Airbus and Boeing Co (NYSE:BA) have dominated the market for large passenger jets for so long that investors may have gotten complacent. Few things are more difficult than building a Boeing 747 or an Airbus A380. It’s a very capital-intensive industry, and few firms have the scale to compete with Boeing and Airbus.
High entry barriers make it difficult to break the Boeing-Airbus duopoly. Boeing and Airbus must spend billions on fixed costs, such as R&D, for years before they even sell a single passenger jet, so just breaking even can be difficult. Earning a profit is even harder. Boeing’s competitor, Airbus, is partially owned by European governments, whom Boeing has accused of subsidizing Airbus for years.
But, difficult does not mean impossible, especially when China is involved. China is projected to become the world’s largest market for aviation by 2024, and Boeing estimated that Chinese airlines would spend $1 trillion on planes by 2035.
In China, the state-owned Commercial Aircraft Corporation of China (COMAC) has the home-court advantage, and this could pose a threat to Boeing and Airbus. COMAC produces a twin-engine regional jet, the ARJ21, which first flew in 2008. The ARJ21 began service with Chengdu Airlines last year.
Admittedly, COMAC owns shares in Chengdu Airlines, so this may not be too impressive. In 2016, Reuters reported that COMAC received 350 orders, again mostly from Chinese firms.
But, COMAC has further plans. The COMAC C919 completed its first flight earlier this month. The C919 is a medium-range passenger jet that seats about 150 and competes with the Boeing 737 and the Airbus A320. COMAC also plans to build the C929, which seats 250 to 280 and could challenge the Airbus A330 and Boeing 787.
Bombardier’s rivalry with Boeing appears to be heating up; the two are in the midst of a bitter dispute. Boeing accused Bombardier in April of selling airplanes below cost, a practice known as “dumping.” In response, Canada’s government threatened to buy fewer fighter jets from Boeing. According to sources, Boeing is worried about losing the sale and is trying to mollify the Canadian government.
The relationship between Bombardier and COMAC goes back a few years. The two inked a Strategic Agreement in 2011, agreeing to coordinate development of Bombardier’s CSeries with COMAC’s C919. The Bombardier CS100 can carry 108 passengers and the CS300 carries 130. Like the C919, they compete with the Boeing 737.
But, COMAC and Bombardier don’t see each other as rivals, calling their product offerings “complementary.” They signed more agreements in 2012 and 2013, cooperating on things such as electrical systems.
Still, some say the C919 is based on older technology, which could put it at a disadvantage with Boeing and Airbus.
But now, COMAC is in talks with Bombardier to invest in its C-Series, which could give COMAC access to Bombardier’s newer technology. With Bombardier’s technology and the financial backing of the Chinese government, COMAC could pose a challenge to the Boeing-Airbus duopoly.
Impact on Boeing Stock
COMAC’s position in China gives it an advantage over Boeing and Airbus. Although many of China’s largest airlines, including China Eastern Airlines Corp. Ltd. (ADR) (NYSE:CEA) and China Southern Airlines Co Ltd (ADR) (NYSE:ZNH), trade on the New York Stock Exchange, the Chinese government controls them. So, for example, the Chinese government could direct them to favor COMAC’s planes over Boeing’s, especially in the event of a trade war between China and the United States. Aviation is one of the few industries where the United States runs a trade surplus.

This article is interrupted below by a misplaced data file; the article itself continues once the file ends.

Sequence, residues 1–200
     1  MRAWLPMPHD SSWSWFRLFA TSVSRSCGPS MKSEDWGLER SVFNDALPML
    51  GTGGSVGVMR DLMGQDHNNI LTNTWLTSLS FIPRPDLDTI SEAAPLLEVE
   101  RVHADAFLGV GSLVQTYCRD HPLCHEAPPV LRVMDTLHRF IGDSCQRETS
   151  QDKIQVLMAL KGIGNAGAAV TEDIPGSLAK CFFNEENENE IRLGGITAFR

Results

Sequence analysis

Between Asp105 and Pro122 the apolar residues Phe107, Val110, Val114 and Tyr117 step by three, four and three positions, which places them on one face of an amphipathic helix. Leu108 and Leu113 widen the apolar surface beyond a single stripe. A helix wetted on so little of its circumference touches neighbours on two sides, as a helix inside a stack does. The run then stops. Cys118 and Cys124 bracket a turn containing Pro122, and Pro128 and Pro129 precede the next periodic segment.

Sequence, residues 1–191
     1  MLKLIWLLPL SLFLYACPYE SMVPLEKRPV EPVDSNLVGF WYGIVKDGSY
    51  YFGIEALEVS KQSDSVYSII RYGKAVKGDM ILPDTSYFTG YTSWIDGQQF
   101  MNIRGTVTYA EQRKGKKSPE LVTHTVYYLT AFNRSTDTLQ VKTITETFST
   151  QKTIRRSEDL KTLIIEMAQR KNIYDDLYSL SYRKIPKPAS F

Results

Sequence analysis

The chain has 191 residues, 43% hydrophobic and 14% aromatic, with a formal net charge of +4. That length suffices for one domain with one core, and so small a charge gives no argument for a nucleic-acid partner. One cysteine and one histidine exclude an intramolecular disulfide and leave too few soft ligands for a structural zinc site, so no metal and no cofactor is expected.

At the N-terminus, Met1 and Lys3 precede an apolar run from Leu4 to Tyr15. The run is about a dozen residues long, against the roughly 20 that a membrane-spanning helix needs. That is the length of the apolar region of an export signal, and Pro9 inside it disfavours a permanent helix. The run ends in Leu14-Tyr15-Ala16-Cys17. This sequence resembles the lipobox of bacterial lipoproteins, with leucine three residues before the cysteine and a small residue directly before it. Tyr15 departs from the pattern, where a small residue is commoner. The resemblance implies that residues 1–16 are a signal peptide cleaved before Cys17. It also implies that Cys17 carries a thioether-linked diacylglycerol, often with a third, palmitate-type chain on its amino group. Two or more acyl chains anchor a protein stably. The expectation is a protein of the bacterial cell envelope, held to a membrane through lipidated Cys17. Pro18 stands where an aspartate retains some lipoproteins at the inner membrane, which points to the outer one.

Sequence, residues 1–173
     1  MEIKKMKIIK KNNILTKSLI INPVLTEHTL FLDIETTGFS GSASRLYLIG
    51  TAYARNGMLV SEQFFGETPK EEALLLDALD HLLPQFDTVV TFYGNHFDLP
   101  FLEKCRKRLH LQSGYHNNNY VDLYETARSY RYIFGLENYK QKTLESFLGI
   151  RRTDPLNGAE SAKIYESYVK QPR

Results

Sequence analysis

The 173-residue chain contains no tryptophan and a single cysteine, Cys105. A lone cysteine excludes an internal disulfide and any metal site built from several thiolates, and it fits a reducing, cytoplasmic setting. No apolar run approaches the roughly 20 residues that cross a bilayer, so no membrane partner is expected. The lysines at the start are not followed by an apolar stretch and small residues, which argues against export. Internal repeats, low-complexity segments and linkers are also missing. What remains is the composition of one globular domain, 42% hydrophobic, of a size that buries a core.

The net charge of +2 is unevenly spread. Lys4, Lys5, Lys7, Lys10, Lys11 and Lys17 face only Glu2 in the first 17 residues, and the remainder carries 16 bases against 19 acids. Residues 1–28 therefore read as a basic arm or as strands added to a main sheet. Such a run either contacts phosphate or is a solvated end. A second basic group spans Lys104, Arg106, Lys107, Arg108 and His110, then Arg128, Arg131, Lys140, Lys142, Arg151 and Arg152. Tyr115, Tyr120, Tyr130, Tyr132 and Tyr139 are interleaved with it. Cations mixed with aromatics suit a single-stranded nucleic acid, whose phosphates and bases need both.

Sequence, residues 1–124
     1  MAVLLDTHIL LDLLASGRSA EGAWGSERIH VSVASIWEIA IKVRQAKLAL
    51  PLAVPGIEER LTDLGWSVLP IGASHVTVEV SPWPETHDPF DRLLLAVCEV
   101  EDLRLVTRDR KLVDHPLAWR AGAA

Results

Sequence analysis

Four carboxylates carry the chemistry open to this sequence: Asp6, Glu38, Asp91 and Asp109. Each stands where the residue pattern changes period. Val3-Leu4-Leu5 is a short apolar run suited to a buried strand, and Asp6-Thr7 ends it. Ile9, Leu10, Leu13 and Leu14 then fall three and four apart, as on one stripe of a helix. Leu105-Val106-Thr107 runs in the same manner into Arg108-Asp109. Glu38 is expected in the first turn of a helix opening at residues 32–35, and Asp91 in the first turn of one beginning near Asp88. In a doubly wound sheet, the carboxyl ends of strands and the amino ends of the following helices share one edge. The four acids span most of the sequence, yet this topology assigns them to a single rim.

Further, if China becomes the world’s largest market for planes, COMAC could put a dent in Boeing’s sales even if it doesn’t sell a single plane outside of China. One analyst estimated that the C919 could cause Boeing and Airbus to lose up to $223 billion in sales. A more conservative estimate put the loss at under $100 billion.
Although some might not associate Chinese manufacturing with product safety and quality, let alone something as complex as passenger jets, China has succeeded in similar areas. For instance, China forced foreign companies wishing to sell trains in China to transfer their technology, which it used to build a domestic high-speed rail industry. Now, China is building high-speed rail projects in countries like Turkey and Indonesia and competing with these companies.
Also, COMAC probably won’t have to worry much about profitability. The Chinese government may have other, non-financial reasons for wanting to make their own long-range passenger jets. Building increasingly sophisticated aircraft like the C919 gives China’s aviation industry the skills needed to make things like a long-range strategic bomber.
Impact on Other Stocks
State-owned COMAC might decide to prioritize volume or market share instead of profits, meaning that more planes would get built than would otherwise be the case. Lower-cost Chinese production could push down prices, just like Chinese manufacturing did with electronics. When something gets cheaper, people tend to buy more of it; if passenger jets get cheaper, airlines might order more of them.
And, if more airplanes get built, this means greater demand for inputs such as engines and wheels from COMAC’s foreign suppliers. Honeywell International Inc. (NYSE:HON) supplies the auxiliary power system, navigation, flight control, wheels and brakes for the C919. Other suppliers include General Electric Company (NYSE:GE) and its GE Aviation unit, which provides advanced systems, and Rockwell Collins (NYSE:COL), which supplies avionics.
More competition among aircraft manufacturers would benefit suppliers and airlines, but could harm Boeing and Airbus, which might see lower profits.
As of this writing, Lucas Hahn did not hold a position in any of the aforementioned securities.